The company was best served if his motivation was directed toward his own satisfaction in a job well done with an economic incentive to always act in the long-term best interests of the shareholders.
This produced a radical proposal: THE CEO SHOULD RECEIVE ONLY SALARY AND RESTRICTED STOCK, NEITHER OF WHICH SHOULD BE SUBJECT TO ANY PERFORMANCE CRITERIA. The only exception was that he would forfeit a portion of the restricted stock when he retired if the shareholders had not achieved a satisfactory return over the entire period of his contract. If appreciation of shares plus dividends had not exceeded a fixed rate of return, the CEO would forfeit a large part of his restricted share grants.
The dean of one of America's better business schools chaired our comp committee. Like me, he had become disillusioned with the standard CEO pay system, which produced insane pay levels and dysfunctional incentives, and was tired of reading about the outrage at CEO pay. "Why does everyone use this convoluted pay process?" he asked me one day on the phone, and then answered his own question. "They do it because everyone else does it. I'm ready to try something new."
He liked my idea of jettisoning the annual bonus and relying only on restricted stock. "If we want him to think like a shareholder, we need to make him a shareholder." He suggested I meet with Brad to see if we could reach an agreement on the principles of my proposal.
Like most business executives, Brad valued money and understood that more was better than less. While he saw some advantages in this proposal, he raised practical concerns: What is the salary? What about future salary increases? How many shares of restricted stock would be granted each year? What portion of these would be subject to forfeit? How would a target for a fair shareholder return be established?
I told him I would talk with the committee, the board chair, and the other directors. If they agreed, Brad and I could negotiate the numbers. Most of this group, including the chair, a woman who was elected recently, were family members. She wanted a large portion of restricted stock subject to forfeit. But I argued that a significant amount should not be subject to forfeit. First, I was sure that Brad would not agree to have nearly everything at risk. Second, I wanted him to be a shareholder and think like one. In good times and bad, his economic interests should be aligned with the shareholders. If he received a fixed number of restricted shares each year, the best way for him to increase his wealth was to constantly increase the share price. However, if too large a portion was subject to forfeit and he was running below the return target, he might take large risks in his last years to beat the target.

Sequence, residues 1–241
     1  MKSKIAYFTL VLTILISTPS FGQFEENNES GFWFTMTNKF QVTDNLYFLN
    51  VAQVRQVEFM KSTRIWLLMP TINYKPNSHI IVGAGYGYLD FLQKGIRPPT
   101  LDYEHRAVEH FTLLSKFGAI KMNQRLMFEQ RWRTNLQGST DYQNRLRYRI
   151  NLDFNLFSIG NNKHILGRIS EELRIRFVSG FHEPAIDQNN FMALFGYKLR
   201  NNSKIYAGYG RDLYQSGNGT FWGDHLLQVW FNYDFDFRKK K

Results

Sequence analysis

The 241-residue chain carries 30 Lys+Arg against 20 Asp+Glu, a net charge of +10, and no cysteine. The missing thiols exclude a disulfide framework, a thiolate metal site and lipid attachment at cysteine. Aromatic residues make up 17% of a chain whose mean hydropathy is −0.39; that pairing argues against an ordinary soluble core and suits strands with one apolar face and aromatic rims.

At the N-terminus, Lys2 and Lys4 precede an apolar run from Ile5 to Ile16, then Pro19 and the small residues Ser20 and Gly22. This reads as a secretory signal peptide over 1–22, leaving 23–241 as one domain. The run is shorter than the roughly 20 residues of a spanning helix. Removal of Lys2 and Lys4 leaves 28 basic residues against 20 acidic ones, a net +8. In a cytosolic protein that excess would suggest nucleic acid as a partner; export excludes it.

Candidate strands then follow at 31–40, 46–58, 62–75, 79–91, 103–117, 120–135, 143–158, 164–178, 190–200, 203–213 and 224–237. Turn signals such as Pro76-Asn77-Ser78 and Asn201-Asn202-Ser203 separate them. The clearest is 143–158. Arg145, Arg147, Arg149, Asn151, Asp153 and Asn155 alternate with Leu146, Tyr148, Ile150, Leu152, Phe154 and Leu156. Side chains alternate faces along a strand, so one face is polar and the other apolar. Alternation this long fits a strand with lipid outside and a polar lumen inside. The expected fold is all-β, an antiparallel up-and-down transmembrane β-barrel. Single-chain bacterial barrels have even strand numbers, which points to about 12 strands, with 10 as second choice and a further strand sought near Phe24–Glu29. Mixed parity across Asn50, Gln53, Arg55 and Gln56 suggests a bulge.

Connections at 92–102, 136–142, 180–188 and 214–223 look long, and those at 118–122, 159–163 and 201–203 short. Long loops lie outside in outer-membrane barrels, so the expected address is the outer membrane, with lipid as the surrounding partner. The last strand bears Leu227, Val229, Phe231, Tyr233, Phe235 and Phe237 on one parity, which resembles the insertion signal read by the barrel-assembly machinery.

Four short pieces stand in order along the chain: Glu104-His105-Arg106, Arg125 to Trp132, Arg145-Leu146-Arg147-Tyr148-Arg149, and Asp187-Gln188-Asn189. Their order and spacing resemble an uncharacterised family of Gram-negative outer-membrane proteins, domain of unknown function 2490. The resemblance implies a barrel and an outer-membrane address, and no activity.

Moreover, the portion subject to forfeit would depend on the ease or difficulty of hitting the seven-year return target. The lower the target, the higher the forfeit Brad would accept. So the board chair, the comp chair, and I agreed on the lowest acceptable return target; then I could negotiate for a higher forfeit and a higher target, trading off one against the other.
The comp committee then sent a memo to the board that said the following:
We have a simple proposal for Brad's compensation: Salary plus restricted stock. There will be no annual bonus and no performance measures save this one: Brad will forfeit a significant amount of his restricted stock if over the seven-year period shareholders receive less than a satisfactory return.
Our reasoning is:
The compensation system is not needed to motivate Brad. Brad is already highly motivated. The comp system should precisely align his interests with those of the shareholders. The only way to do this is to make him a shareholder and eschew additional bonuses beyond restricted stock that dilute this alignment.
Our current compensation system is too complex. It inevitably incorporates counterproductive incentives. For example, if we set return targets on investments and ignore leverage, the CEO will have an incentive to borrow too much. However, if we adjust for leverage, the CEO will have an incentive to borrow too little.
The CEO knows more about the company than the board. He will always have an advantage when negotiating bonus structures, goals, and payouts.
We and other boards cannot design methods to effectively measure and reward CEO performance.
All pay-for-performance systems cause more harm than good. They generate perverse incentives, undeserved and often absurdly high bonuses, and damage the companies that use them.
Salary plus restricted stock is simple and effective. We know that Brad is a highly capable executive with unquestioned integrity. We should pay him fairly and rid ourselves of the complexities and perversities of our present system.